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Stock market today: Wall Street stalls as hopes regress for respite on rates

NEW YORK (AP) — Stocks are stalling Thursday after a Federal Reserve official told Wall Street the end to its interest-rate hikes may not come as soon as hoped.
The S&P 500 was virtually unchanged in early trading, a day after charging higher on hopes the U.S. government is heading toward a deal to prevent a disastrous default on its debt. The Dow Jones Industrial Average was down 104 points, or 0.3%, at 33,316, as of 9:48 a.m. Eastern time, while the Nasdaq composite was 0.4% higher.
Stocks have remained remarkably resilient since early April despite a long list of worries. A major reason for that is hope the Fed would take it easier on its hikes to rates, which have slowed inflation at the expense of raising the risk of a recession and knocking down prices across financial markets. The widespread bet was that the Fed would take a pause at its next meeting in June.
“The data in coming weeks could yet show that it is appropriate to skip a meeting,” Dallas Fed President Lorie Logan said in a prepared speech for the Texas Bankers Association. “As of today, though, we aren’t there yet.”
Treasury yields climbed as traders increased bets that the Fed would raise rates again at its June meeting, though the majority are still forecasting a pause.
The yield on the 10-year Treasury rose to 3.62% from 3.57% late Wednesday. The two-year yield, which moves more on expectations for the Fed, rose to 4.22% from 4.16%.
Higher rates have already slowed swaths of the economy and helped lead to three of the largest U.S. bank failures in history since March. Reports on the economy Thursday came in mixed.
One showed that fewer workers applied for unemployment benefits last week than expected. While that’s good news for workers and for a so-far solid job market, it could also result in some upward pressure on inflation. That’s what the Fed has been trying desperately to lower by cranking its benchmark interest rate to the highest level since 2007.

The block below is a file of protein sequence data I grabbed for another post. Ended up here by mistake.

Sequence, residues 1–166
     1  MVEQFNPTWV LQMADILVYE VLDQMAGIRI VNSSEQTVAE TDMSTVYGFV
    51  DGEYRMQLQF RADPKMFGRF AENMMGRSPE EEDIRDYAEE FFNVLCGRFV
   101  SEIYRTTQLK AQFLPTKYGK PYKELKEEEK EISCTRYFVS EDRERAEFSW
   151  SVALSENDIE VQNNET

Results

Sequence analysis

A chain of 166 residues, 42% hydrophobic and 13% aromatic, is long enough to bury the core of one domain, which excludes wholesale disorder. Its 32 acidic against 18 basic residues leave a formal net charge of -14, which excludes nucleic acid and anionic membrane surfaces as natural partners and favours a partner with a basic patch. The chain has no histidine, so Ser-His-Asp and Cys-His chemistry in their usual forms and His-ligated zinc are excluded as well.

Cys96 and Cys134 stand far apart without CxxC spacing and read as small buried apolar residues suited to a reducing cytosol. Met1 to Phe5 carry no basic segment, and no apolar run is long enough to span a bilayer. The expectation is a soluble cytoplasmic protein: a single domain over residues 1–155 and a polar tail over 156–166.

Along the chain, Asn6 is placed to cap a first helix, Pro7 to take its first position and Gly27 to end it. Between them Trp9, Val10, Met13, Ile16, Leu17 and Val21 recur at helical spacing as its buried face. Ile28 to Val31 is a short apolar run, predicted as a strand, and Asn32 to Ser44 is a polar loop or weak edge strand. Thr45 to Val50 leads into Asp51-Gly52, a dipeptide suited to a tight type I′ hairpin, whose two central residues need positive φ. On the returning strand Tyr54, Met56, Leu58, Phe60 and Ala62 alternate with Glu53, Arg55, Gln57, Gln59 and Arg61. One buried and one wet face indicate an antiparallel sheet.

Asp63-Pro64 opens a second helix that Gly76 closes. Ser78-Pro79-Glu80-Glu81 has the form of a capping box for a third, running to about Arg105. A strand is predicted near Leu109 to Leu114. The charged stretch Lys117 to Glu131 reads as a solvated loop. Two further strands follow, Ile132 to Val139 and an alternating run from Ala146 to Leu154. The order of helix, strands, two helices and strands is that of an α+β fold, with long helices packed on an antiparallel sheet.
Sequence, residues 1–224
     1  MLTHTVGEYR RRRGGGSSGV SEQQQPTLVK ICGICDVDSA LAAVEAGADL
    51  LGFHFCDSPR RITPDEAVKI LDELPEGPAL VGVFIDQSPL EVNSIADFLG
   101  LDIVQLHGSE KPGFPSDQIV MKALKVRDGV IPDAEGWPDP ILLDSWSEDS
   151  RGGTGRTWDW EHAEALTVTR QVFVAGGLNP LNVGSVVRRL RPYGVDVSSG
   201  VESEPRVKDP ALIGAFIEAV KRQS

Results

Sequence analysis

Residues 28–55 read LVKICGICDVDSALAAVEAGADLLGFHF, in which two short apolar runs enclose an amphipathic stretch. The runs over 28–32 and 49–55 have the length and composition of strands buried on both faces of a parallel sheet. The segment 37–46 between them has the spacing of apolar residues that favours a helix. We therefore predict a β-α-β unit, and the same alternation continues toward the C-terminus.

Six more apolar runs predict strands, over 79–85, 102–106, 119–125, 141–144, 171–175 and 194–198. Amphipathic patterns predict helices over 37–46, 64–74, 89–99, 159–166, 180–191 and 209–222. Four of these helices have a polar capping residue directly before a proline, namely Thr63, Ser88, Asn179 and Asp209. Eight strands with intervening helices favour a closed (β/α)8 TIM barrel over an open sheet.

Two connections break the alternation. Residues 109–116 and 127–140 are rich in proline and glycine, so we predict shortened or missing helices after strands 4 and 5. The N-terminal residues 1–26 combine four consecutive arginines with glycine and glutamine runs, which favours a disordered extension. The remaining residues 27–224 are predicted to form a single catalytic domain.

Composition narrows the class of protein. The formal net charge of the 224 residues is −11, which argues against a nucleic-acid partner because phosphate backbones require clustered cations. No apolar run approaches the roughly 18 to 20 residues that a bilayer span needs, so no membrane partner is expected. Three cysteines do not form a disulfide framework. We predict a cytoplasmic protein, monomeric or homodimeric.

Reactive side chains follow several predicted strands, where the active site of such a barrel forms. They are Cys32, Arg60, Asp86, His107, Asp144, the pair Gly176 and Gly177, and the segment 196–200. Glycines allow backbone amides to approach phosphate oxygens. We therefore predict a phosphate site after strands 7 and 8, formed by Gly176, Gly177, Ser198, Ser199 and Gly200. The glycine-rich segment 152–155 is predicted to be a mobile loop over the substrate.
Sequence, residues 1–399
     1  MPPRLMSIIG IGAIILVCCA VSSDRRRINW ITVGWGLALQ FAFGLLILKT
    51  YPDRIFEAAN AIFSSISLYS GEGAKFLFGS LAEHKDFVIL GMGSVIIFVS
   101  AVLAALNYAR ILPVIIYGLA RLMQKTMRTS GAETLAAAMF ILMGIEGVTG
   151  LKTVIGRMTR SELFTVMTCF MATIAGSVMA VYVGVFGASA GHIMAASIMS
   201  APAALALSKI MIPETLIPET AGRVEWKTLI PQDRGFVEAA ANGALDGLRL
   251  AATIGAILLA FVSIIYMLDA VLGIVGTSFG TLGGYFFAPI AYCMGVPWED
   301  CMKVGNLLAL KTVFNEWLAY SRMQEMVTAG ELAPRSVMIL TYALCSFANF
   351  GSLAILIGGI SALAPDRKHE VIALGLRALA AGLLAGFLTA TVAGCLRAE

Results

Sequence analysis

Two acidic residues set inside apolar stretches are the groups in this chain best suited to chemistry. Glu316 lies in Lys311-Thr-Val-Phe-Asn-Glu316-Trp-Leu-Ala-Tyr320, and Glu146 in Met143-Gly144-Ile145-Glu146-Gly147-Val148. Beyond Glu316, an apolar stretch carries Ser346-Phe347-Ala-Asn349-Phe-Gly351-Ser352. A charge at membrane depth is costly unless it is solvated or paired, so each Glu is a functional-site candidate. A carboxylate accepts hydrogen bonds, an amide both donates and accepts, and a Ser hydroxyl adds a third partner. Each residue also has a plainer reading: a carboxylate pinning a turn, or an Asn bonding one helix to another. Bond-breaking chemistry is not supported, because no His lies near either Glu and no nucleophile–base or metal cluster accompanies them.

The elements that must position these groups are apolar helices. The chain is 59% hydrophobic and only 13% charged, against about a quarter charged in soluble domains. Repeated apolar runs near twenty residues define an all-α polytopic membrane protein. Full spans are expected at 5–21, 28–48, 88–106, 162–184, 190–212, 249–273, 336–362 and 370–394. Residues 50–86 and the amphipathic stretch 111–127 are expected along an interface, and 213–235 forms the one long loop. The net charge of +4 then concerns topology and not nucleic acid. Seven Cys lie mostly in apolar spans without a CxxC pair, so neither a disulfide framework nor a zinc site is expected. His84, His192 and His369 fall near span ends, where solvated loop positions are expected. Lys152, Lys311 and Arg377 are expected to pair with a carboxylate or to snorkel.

A separate report said that manufacturing in the mid-Atlantic region is continuing to weaken, though not quite as badly as economists expected.
Helping to lift Wall Street was Walmart, which climbed 2.6% after reporting stronger results for the latest quarter than expected. It also raised its financial forecast for the full year, though it said it’s seeing shoppers remain cautious about spending.
Bath & Body Works, another retailer, leaped 8.6% after reporting stronger revenue and earnings for the latest quarter.
Much scrutiny has been on the retail industry because strong spending by U.S. households has been one of the main pillars keeping the economy out of a recession.
Video game maker Take-Two Interactive jumped 10.3% after it forecast a huge jump in revenue for fiscal 2025, stoking speculation that Grand Theft Auto VI is on the way.
On the losing end of Wall Street were stocks of energy producers, which dropped with the price of crude oil. Chevron fell 1.3%, and Schlumberger dropped 1.5%
Cisco Systems slipped 0.3% despite reporting stronger results for the latest quarter than expected and raising its forecast for the current quarter. Analysts said it may be because of worries about lower-than-expected growth in the following fiscal year.
In stock markets abroad, indexes rose in much of Europe and Asia after Wall Street’s rally from Wednesday spread westward. That lift came after President Joe Biden said he’s confident about reaching a deal with Republicans to allow the U.S. government to increase its credit limit and borrow more.
That could avert a potential first-ever default on Washington’s debt. The government is scheduled to run out of cash to pay its bills as soon as June 1 unless a deal is made, and economists say a default could have catastrophic consequences across financial markets and the economy.
In Asia, Japan’s Nikkei 225 rose 1.6% to continue a strong run, while Germany’s DAX in Europe returned 1.1%.
McDonald reported from Beijing; Ott reported from Silver Spring, Md.

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